THE Fiji Council of Social Services says the groundbreaking ceremony for Fiji's first casino signalled the birth of social cancer and the re-introduction of discriminatory practices into the country.
"This will be like in the old days when only the 'white man' could go to the Defence Club and have a drink, coloured were not allowed," said executive director Hassan Mr Khan.
He likened the restriction and limiting of locals to the One Hundred Sands Casino to liquor prohibition in the colonial past. He said while nothing could be done to prevent the casino from opening, he was concerned that a social impact study was not carried out and the report not made public.
"The government had made a solemn undertaking that a social impact study would be done and the report would be made public. Sadly, this report is still awaited in the spirit of the National Charter for Peace, Progress and Change, in which it is very explicit that the government will do full consultations with civil society organisations in all such matters," he said.
"To proceed with this idea of casinos will seriously negate this solemn undertaking and trust in the articles of the charter and it is not too late to have this dialogue," he said in a statement released on Monday.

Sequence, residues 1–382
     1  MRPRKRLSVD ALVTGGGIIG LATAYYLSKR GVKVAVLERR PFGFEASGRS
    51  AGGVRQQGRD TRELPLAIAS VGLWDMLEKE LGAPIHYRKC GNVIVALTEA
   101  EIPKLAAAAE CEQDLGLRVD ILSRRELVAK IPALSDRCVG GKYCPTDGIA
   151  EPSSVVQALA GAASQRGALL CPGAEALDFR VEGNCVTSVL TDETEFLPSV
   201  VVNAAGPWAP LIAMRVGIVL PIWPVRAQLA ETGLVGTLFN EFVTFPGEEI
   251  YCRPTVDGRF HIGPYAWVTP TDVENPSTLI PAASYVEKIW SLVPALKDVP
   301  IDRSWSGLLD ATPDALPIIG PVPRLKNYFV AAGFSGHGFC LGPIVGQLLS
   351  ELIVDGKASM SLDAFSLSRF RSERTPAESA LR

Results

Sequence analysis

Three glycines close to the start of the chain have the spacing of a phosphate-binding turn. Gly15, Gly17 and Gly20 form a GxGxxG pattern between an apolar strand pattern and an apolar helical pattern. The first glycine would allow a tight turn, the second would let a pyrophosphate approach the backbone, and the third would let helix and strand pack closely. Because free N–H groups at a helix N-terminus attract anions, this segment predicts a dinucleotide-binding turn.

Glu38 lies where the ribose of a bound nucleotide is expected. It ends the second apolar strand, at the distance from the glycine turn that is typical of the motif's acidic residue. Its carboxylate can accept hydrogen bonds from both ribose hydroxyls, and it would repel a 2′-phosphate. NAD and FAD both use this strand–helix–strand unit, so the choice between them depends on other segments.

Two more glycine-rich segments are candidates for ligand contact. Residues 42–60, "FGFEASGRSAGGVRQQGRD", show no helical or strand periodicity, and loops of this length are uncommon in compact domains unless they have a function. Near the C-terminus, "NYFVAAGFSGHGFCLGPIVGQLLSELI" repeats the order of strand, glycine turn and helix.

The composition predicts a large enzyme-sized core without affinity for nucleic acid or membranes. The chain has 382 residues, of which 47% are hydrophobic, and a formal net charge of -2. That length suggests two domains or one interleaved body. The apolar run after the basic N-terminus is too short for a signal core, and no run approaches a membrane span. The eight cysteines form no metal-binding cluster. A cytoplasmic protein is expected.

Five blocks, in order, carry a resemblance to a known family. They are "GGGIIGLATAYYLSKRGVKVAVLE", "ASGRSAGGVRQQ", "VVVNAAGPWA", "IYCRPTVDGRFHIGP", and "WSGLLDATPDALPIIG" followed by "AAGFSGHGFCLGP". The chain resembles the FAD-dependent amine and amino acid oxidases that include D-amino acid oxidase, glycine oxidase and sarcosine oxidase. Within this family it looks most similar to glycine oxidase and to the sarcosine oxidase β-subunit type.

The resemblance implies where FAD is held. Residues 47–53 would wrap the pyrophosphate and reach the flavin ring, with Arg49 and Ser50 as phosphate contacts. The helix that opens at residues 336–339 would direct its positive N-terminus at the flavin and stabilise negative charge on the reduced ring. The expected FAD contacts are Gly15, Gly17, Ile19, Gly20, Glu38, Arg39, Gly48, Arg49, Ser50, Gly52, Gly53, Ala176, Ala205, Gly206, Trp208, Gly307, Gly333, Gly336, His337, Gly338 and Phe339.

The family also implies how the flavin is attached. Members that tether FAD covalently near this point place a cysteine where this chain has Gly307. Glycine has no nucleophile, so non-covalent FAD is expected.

Mr Khan said failure to work with civil society organisations and religious bodies to address the social impact of gambling could be disastrous, similar to what is currently happening in neighbouring countries.
However, Attorney-General Aiyaz Sayed-Khaiyum referred to Mr Khan's statement as a "publicity stunt" and said the FCOSS leader should have kept abreast with public statements made by the government in relation to the introduction of the casino.
Mr Sayed-Khaiyum said one of the measures put in place to prevent the casino having any social impact in the country was the regulating of locals entering the casino.
"Mr Khan's statement is based on a comparison between this Fijian initiative and the casino gaming industry in Australia, New Zealand, Solomon Islands, Vanuatu and Papua New Guinea," Mr Sayed-Khaiyum said.
"None of these countries have in place any form of regulation to restrict or limit their citizens from accessing casino gaming. One of the hallmarks of the Fijian casino initiative will be the introduction of controls to regulate access by locals," the A-G said.
But Mr Khan said: "We have no hesitation in confirming that, casinos are a social cancer. We wonder if those involved in taking this decision have had a close look at the state of affairs regarding the social effects of casinos in Papua New Guinea and the Solomon Islands. If they had it would be clear who the beneficiaries of gambling are and who are the losers, as well as the far reaching social problems that casinos bring with them."
Mr Sayed-Khaiyum said "if Mr Khan had paid attention to the public statements that government has made in relation to the casino, he would have had some idea of the lengths that government has gone to ensuring that the Fijian experience in relation to the casino is not a repeat of what has happened in other jurisdictions to which he refers in his statement".